Combat late bill payments by setting up reminders, maintaining a planner to get organized, or automating bill payments. You can even charge the monthly payments to your credit card and repay them by the end of the month to avoid any additional interest.
These strategies don’t just apply to your student loans or credit card bills, but should be used for utility bills and rent too!
Don’t close old credit card accounts
It may seem like a smart strategy to let go of the unused credit cards that are still open. However, this can be beneficial for your credit score since credit history factors into your final score. Longer credit history length presents you as a reliable borrower who has repaid their debts over a considerable period of time.
Keeping old credit cards open also helps you decrease your credit utilization ratio. When you owe the same amount but spread it over more open accounts, you steer away from hitting the credit limit on any account.
Apply for new credit accounts sparingly
New credit accounts extend your credit limit, but this may be more detrimental than you may think. Not only do more credit cards tempt you to spend more, but they can also make you appear to be in financial duress. Requesting more credit means you were unable to manage your finances and need credit to cover the outstanding amounts.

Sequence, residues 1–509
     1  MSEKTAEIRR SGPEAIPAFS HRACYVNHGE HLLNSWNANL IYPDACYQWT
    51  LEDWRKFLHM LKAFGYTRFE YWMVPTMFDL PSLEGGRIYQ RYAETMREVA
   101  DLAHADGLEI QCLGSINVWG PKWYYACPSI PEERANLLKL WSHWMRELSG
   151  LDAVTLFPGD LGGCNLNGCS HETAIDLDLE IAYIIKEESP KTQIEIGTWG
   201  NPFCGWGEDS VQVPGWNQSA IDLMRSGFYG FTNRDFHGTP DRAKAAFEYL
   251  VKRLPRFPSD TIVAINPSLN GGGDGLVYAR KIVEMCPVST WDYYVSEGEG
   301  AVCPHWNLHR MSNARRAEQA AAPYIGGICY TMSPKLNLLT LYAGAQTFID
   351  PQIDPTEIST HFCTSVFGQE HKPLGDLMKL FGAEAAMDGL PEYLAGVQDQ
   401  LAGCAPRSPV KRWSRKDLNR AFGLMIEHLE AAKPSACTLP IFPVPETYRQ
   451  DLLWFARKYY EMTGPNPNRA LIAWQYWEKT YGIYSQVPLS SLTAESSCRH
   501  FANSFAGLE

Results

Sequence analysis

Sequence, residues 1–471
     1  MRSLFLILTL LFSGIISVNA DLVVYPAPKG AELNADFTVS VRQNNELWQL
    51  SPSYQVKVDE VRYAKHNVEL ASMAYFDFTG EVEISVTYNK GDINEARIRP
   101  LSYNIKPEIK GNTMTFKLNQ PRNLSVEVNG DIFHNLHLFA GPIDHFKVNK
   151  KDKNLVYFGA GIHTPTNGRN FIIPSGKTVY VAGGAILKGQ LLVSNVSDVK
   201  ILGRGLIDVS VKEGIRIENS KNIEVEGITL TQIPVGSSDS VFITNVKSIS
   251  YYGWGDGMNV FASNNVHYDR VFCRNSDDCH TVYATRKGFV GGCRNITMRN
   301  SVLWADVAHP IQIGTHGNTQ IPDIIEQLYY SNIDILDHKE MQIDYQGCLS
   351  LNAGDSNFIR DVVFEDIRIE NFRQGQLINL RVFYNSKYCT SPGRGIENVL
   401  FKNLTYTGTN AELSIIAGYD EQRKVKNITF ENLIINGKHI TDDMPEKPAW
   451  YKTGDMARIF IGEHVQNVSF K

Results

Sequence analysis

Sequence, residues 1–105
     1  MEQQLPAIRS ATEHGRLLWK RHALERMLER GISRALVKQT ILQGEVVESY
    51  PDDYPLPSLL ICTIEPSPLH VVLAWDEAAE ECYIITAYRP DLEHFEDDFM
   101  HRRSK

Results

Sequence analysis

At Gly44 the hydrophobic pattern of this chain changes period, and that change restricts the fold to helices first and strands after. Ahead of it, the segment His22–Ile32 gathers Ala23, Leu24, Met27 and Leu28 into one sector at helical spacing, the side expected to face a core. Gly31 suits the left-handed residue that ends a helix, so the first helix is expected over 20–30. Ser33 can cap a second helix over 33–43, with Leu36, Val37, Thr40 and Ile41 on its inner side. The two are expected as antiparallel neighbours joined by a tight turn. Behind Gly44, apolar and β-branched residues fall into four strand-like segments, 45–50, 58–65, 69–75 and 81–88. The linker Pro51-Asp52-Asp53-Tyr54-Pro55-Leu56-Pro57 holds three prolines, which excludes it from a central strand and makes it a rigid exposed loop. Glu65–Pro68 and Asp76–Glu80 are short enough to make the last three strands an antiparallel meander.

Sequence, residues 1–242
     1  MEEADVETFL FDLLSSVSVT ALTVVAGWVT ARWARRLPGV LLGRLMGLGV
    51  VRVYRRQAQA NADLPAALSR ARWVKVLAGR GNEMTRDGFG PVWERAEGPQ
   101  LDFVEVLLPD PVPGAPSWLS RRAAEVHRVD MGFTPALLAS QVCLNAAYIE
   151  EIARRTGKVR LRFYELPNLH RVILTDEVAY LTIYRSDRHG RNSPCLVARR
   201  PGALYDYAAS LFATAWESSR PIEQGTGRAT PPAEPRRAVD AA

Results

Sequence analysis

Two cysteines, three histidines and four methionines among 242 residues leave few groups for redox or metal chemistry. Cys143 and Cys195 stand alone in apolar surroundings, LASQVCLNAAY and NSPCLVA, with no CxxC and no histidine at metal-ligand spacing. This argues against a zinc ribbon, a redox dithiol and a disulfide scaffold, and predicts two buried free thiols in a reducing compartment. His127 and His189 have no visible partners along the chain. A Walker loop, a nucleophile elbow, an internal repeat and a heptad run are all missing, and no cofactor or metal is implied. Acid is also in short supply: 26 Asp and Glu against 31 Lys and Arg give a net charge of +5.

You should also be wary of opening new credit accounts because of the hard inquiries they create on your credit report. Each new credit card or loan calls for a check of your creditworthiness and this record stays on your report for two years.
The Bottom Line
Your credit score can significantly impact major events in your life—like student loan refinancing and buying a home—but it shouldn’t dictate them. It’s totally possible to improve your credit score if you’re dedicated to making a change and reaping the benefits that come with a high score.
After you take the necessary steps to turn your credit score around, you’ll start to see a noticeable impact on your score. This won’t just help you buy a car or purchase a home, but refinance your student loans too. Higher credit scores mean you can refinance your loans at a lower interest rate and extended payment schedule.
Whether you apply for a new loan after improving your credit score or turn ELFI Student Loan Refinancing, a good credit score will make a world of difference.